The Meek Ran Wanton

Ok, I give in. Here’s a Christmas post. What was your office party like?

I haven’t posted any Billy Childish for ages and his take on Christmas in the late 70s is wonderfully jaundiced. Green vinyl, 7″. Of course.

Christmas 1979

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Another Christmas Post

Another Christmas post, this time from the king of festive cheer Mr Billy Childish. I saw him do this song live in London, on a very warm day in May, a few years ago. Good fun. As Billy sings repeatedly over a killer guitar riff, merry fucking Christmas to you all. Wherever you are, whatever you’re doing, whoever you’re doing it with- have a good Christmas.

Christmas 1979

Dulce Et Decorum Est

I am off on a school trip to the battlefields of the First World War today, taking in various trenches, cemeteries, memorials and museums around the Somme and Ieper (Ypres, Wipers). I’ve visited parts of the Western Front before, including Tyne Cot, the largest British and Commonwealth War Graves cemetery in the world. It is unforgettable and a trip well worth taking.

I don’t get back until late Monday night so don’t expect any Bagging Area blog action until Tuesday at the earliest. I can’t think of any more songs with Latin titles- four is as far as I can get. This song is played by Wild Billy Childish, from a radio session a few years back. Keep Your Lamps Trimmed And Burning is a blues song from the 1920s, usually associated with the Rev Gary Davies and Blind Willie Johnson.

Keep Your Lamp Trimmed And Burning

Kentish

Do you want to see some of my holiday photos?

We were in Kent last week, staying on Romney Marsh. I’ve only ever travelled through Kent before en route to Dover but exploring it was fantastic. As a bonus the weather was good too. Just down the road is Dungeness, one of the bleakest and most beautiful places in the country. Plus it’s got an enormous nuclear power station which adds to the drama along with the masses of shingle flats and a pair of lighthouses. This one, the older of the two, is open and you can climb to the top.

Dungeness is also home to a community of artists and bohemians who live in a scattered collection of wooden cottages, some converted railway carriages. This one, Prospect Cottage, was the home of Derek Jarman.

Kent’s coastline is dotted with reminders of the past and it’s relationship with France, only twenty-five miles away. During the Napoleonic wars a string of Martello towers were built, against the threat of invasion. This one is Martello tower number 25 and is situated in a car park next to a small amusement park.

From a later conflict and threat of invasion, this World war Two era pill box looks out over the marsh.

Right behind the site we were staying on are some sound mirrors. The listening ears were constructed in the late 1920s, a form of acoustic sound detection and early warning of approaching enemy aircraft. Within a few years they were superceded by radar. There are three at Romney; this thirty foot concrete dish next to a smaller one and a two hundred feet long curved concrete wall. They’ve been closed off to the public due to vandalism and damage, now marooned on a man made island in a nature reserve. There’s a swing bridge for guided tour access (but not while we were there).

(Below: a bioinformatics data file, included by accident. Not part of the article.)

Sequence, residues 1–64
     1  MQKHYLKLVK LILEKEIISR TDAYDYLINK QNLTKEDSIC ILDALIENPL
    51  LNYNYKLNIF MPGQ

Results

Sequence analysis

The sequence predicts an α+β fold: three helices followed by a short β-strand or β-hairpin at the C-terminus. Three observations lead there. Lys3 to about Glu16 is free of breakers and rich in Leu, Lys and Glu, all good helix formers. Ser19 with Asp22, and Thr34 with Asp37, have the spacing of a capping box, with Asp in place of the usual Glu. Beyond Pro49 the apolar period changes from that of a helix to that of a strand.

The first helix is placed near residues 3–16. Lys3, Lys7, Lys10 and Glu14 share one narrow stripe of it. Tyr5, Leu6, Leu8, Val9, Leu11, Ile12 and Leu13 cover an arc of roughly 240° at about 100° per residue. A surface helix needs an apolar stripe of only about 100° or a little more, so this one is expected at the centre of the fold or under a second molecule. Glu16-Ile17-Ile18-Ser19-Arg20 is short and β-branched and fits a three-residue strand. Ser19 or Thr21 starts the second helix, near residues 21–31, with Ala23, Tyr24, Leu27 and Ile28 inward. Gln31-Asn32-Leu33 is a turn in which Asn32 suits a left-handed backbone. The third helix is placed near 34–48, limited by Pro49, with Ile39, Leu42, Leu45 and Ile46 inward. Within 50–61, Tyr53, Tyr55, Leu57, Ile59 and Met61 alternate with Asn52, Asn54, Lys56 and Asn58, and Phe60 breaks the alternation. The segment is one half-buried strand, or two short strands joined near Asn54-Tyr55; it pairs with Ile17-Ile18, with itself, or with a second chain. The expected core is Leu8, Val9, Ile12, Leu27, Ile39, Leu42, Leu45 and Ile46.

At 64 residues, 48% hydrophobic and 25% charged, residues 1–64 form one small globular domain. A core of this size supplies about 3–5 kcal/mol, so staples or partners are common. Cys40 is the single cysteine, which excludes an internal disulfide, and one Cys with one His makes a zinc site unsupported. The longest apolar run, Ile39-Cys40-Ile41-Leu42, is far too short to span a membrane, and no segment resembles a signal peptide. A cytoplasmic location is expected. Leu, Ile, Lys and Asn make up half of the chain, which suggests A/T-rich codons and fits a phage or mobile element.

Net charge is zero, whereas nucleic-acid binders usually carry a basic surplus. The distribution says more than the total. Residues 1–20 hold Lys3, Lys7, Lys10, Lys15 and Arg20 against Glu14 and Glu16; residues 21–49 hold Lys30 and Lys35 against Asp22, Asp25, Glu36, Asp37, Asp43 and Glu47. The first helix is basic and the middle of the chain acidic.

Musically, Kent means Billy Childish to me. We didn’t get to Chatham, it’s north Kent not south. This song is from the second album he did with his wife Nurse Julie and Wolf Howard as The Chatham Singers, a blues-gospel thing.

The Good Times

 

Christmas Eve

                                                                Merry Christmas from 1945

It’s too late- the shops are shut, apart from the all night garage and the Nisa local. If you haven’t got it by now, you’re not going to get it. So sit down, pour yourself a drink, put your feet up, put some music on and mute the TV.

I’ll be seeing family and going away for a couple of days. To all the people who come here and read this blog, the lurkers and the shy (pop in and say hello lurkers! You just have to leave something in the comments box) and all my internet friends- Ctel, Drew, Davy, DVD, George, Charity Chic, Simon, Ally, Dirk, Echorich, Walter, Luca, London Lee, The Cynical Farmer, Anto, Mondo, Max, and any others I’ve missed from this list who leave the comments that make this blogging lark a two-way thing rather than just me staring at a computer screen- I hope you all have a wonderful Christmas. See you in a few days.

A Poundland Christmas

In recent years Billy Childish has become part of the sound of Christmas round our way.

Gallows Eyes

One of my favourite Billy Childish songs today. In 2005 Billy produced yet another album, this time sidestepping the three chord garage-punk to make an album of two halves. Most of the album is poetry readings, many of them nakedly honest, some funny, some quite uncomfortable to listen to. The first seven songs are something else entirely. Recording with Wolf and Nurse Julie as The Chatham Singers, they strip it right back and play seven songs of ragged Delta blues, Billy coaxing some lovely warm guitar tones and Wolf and Julie keeping time on bass and drums. If they sound like they were recorded in his kitchen, it’s probably because they were. This one is particularly good.

The Man With the Gallows Eyes

By Land Sea And Sky

In this short film Billy Chyldish and family launch thirty-one CTMF dazzle ships into the Thames estuary. Each dazzle ship carries one green vinyl 7″ CTMF single. A reward in cash or ‘other printed matter of apparent value’ will be paid for each one recovered. Goodness only knows what this week’s storm has done to the dispersal of these ships, all named after an area of the shipping forecast. The film, soundtracked by Sibelius, is very lovely indeed.